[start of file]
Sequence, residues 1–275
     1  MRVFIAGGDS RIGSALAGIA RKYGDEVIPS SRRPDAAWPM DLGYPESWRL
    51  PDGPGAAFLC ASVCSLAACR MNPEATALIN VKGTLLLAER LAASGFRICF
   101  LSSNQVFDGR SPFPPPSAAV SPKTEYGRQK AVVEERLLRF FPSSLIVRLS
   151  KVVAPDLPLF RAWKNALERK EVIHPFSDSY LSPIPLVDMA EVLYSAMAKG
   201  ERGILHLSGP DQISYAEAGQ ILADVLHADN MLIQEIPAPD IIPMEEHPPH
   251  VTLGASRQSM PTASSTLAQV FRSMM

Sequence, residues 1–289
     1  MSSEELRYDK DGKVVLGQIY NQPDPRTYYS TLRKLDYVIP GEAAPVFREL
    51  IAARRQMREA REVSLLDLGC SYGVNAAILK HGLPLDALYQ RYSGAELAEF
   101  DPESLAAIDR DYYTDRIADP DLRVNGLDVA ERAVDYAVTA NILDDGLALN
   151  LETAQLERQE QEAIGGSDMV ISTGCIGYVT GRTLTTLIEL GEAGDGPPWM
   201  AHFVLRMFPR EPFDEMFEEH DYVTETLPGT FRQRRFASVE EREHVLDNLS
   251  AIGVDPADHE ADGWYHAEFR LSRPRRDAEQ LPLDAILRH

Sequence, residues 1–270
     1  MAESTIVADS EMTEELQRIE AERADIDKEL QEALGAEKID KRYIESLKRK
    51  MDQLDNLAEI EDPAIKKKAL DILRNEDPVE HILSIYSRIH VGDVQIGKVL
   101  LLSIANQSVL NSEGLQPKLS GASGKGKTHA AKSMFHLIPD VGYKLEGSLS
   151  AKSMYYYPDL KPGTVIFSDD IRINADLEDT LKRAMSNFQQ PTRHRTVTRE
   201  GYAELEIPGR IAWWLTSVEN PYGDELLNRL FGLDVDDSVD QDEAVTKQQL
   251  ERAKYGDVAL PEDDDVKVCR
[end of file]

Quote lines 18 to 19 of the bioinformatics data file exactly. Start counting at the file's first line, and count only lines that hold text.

   101  LLSIANQSVL NSEGLQPKLS GASGKGKTHA AKSMFHLIPD VGYKLEGSLS
   151  AKSMYYYPDL KPGTVIFSDD IRINADLEDT LKRAMSNFQQ PTRHRTVTRE